The human factor is something crucial and therefore I need to build my product around the athletes I want to address. My target audiences are primarily Top-runners and Omni-athletes. Why? Simple because these two clienteles have a common passion for the sport as the driving force behind their purchasing decisions with the difference that the one is more focused on themself while the other tries to exceed in a competition. Both audiences are willing to pay a higher price to get the best product possible and that’s why I think that I should be focusing on them. The demographics shows, that both combined make roughly 50% of the overall sneaker consumers which is important for my concept to unfold.
The app is a gateway between the digital and the analog world and has three main functions: tracking the running technique, connecting to a community, and improving the performance of the athletes through the integrated AR features.
After the purchase decision has been made, our athlete is faced with the choice of one of the two models. He can choose between the base and the pro model. The sneakers were designed the same, but still, have some specific adjustments. The Pro model is based on the athlete’s biometrics. For example, an accurate measurement of the foot or height and weight can be considered to create a personalized product. This design approach is already being followed to create professional athlete’s products. I took this as a role model and want to make it available to a wider range of consumers by offering an interest-free payment in installments. 
By pricing the sneakers in the high-end spectrum and conveying an understanding of the manufacture of the product, I want to provoke more conscious buying decisions.
Depending on the sport, our athlete can now choose between several silhouettes.
Because of his passion for long-distance running, he chooses the running silhouette and gets the...

The tech behind tracking the running technique looks like this. All smart components are in the sole of the shoe and consist of several layers of fabrics made of so-called smart fibers. A layer must consist of pressure sensing fabric, such as produced by the company EoanTex. This layer can determine where pressure is being exerted on the insoles, so it is possible to understand exactly the running movement of the user. The app can be used to determine where possible errors in the user’s technique are via the type of running in the shoe.However, this smart fiber must be supplied with electricity for which the second layer of smart fibers is used. This consists of electroactive polymers or EAP’s for short. These smart fibers generate electricity using piezo crystals that have been incorporated into the fabric.
The recycling process is divided into five steps: cut the tongue, wash it, grind it, and melt it again. The washing of the shoe after all smart components have been removed is not used to clean the sneakers, but to dissolve the upper material. This works by making the upper out of an algae-based plastic which should be soaked in water for long enough to dissolve. The upper is connected to the midsole with an adhesive, which is based on an Algae hydrogel which can be dissolved by the addition of bacteria. The midsole consisting of TPU is then shredded in order to subsequently receive pallets that can be used again for the production of new sneakers. According to BASF, the TPU material they developed is 100% recyclable, which I would like to question. However, it would be a huge step forward compared to what is currently being done in the sneaker industry if only a large part of the midsole can be used as a material.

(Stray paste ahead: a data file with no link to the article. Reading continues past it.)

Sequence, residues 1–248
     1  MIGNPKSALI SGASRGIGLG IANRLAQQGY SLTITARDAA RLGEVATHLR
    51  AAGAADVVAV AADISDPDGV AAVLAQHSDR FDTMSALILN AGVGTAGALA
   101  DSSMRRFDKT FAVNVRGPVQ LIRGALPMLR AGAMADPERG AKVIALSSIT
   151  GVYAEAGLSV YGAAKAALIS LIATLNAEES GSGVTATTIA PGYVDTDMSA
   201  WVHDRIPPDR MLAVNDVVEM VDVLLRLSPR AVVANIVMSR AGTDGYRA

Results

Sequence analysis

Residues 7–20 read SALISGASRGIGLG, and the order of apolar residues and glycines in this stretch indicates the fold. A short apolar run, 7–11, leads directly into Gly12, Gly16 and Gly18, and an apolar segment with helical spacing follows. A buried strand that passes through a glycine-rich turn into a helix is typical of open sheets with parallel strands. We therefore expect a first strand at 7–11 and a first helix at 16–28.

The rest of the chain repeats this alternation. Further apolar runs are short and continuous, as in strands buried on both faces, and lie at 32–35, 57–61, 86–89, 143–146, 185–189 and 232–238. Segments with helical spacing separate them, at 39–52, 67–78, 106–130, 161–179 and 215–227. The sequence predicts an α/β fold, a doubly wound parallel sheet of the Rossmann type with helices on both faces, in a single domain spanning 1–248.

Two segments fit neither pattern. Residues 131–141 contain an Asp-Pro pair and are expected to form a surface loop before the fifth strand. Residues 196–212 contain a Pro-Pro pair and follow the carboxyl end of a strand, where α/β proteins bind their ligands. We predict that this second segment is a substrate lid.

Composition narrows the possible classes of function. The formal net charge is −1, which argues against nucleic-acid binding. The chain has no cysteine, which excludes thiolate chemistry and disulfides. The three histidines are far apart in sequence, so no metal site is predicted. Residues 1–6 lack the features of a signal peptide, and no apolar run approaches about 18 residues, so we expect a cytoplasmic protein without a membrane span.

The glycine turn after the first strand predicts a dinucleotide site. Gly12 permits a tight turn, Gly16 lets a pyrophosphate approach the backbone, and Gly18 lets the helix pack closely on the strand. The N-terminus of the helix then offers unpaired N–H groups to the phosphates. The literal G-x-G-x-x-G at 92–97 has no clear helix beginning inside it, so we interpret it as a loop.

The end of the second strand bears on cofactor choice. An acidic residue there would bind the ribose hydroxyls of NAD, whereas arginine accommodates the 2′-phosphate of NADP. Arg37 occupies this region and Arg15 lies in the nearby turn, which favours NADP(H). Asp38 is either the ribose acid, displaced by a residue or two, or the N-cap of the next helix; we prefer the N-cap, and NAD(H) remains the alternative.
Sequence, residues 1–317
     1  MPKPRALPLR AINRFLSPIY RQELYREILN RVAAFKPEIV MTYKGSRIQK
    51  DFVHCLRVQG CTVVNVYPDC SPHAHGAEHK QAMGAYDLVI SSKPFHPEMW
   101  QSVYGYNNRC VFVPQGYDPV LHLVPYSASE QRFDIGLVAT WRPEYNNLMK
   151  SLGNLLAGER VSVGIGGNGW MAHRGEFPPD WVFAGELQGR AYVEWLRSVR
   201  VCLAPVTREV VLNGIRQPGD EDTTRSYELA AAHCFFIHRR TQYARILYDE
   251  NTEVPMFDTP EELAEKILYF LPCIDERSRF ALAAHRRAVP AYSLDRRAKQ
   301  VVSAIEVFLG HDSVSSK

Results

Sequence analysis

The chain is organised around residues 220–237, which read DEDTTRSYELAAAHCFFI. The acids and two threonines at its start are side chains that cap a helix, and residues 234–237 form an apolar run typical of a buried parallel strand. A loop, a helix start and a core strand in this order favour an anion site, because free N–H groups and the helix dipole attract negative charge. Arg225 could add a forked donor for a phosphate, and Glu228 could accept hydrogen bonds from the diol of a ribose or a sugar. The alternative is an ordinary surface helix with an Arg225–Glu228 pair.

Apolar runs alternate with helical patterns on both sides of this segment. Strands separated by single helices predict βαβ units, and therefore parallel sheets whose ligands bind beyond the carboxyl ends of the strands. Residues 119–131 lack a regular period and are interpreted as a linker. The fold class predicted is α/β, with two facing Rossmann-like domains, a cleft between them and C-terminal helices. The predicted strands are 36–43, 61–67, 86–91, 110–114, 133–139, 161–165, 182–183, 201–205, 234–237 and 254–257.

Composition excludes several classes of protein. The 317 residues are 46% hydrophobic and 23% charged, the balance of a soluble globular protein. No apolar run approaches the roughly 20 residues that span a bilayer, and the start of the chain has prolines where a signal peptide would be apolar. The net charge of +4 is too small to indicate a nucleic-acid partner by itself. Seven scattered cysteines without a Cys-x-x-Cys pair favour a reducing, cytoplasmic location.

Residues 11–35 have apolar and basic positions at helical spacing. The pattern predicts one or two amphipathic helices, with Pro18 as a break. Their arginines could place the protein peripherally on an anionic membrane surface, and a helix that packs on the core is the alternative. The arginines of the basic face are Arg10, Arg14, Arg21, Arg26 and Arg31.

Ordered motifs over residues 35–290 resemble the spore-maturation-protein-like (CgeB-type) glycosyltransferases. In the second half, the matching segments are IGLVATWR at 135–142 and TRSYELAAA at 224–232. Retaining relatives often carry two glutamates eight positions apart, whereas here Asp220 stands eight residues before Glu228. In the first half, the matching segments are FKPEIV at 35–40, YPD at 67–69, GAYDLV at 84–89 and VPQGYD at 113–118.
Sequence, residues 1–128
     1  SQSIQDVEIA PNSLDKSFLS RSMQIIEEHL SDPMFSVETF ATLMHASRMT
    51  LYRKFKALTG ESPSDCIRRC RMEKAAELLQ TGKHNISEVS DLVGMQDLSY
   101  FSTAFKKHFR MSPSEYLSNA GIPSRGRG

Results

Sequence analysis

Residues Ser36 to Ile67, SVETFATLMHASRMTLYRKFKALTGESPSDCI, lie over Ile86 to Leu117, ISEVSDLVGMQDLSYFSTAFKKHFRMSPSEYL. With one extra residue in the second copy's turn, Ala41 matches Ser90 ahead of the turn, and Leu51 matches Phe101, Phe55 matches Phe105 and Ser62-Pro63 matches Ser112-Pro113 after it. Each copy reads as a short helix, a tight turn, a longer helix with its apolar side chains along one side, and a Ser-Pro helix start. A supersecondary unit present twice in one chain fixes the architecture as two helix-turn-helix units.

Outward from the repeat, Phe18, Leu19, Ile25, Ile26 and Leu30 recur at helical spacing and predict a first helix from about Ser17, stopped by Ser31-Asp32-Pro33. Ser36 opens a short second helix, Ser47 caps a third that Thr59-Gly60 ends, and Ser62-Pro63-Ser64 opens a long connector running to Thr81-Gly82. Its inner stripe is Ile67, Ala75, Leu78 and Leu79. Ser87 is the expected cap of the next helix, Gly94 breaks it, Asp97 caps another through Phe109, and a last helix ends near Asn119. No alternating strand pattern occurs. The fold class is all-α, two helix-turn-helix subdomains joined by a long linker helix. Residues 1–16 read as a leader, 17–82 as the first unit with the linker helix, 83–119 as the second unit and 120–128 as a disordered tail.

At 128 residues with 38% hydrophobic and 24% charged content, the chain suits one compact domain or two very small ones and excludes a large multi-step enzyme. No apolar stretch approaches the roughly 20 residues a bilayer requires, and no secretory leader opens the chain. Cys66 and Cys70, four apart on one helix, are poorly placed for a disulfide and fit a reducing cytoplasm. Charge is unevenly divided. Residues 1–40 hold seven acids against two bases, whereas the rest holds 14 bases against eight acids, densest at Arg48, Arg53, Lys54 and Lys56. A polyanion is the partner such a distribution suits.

The midsole is noticeably harder and thinner than competing products. On
the one hand, this means that it lasts longer. On the other, it should make our athletes’ run more naturally. I toke this approach from the research of Prof. Dr. Gert-Peter Brüggemann from the Sport University Cologne who argued that modern midsoles are too soft. The foot needs a certain impact when running otherwise it will create its impact by tensing the midfoot itself. This concept is already available at minimal running shoes, but I would like to implement it in a consumer-friendly version in my sneaker.
The individual locations can make design-related decisions on their own responsibility in order to adapt the original design to the local market. This means that a sneaker that is made in Japan, for example, can be produced for Japanese preferences with materials that match the Japanese purchasing power. The same also applies to, brazil, the colors, and materials can only be two elements that differ. I could also imagine that the tongue with electroac- tive polymers is not used in brazil in order to adjust the price.
Think global, act local is the philosophy I want to spread with my project. Therefore the individual locations can make design-related decisions on their responsibility to adapt the original design to the local markets. This means that a sneaker made in Japan, for example for Japanese preferences, can be made from materials that match Japanese purchasing power. The same applies to Brazil, the colours and materials can only be two elements that differ.

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